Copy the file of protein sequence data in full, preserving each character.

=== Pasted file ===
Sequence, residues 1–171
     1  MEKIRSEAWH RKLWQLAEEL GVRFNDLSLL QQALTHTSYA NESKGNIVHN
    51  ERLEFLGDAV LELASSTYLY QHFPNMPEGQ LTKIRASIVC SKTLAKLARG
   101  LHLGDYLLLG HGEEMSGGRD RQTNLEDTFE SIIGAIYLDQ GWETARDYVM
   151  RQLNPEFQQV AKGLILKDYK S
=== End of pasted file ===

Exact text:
Sequence, residues 1–171
     1  MEKIRSEAWH RKLWQLAEEL GVRFNDLSLL QQALTHTSYA NESKGNIVHN
    51  ERLEFLGDAV LELASSTYLY QHFPNMPEGQ LTKIRASIVC SKTLAKLARG
   101  LHLGDYLLLG HGEEMSGGRD RQTNLEDTFE SIIGAIYLDQ GWETARDYVM
   151  RQLNPEFQQV AKGLILKDYK S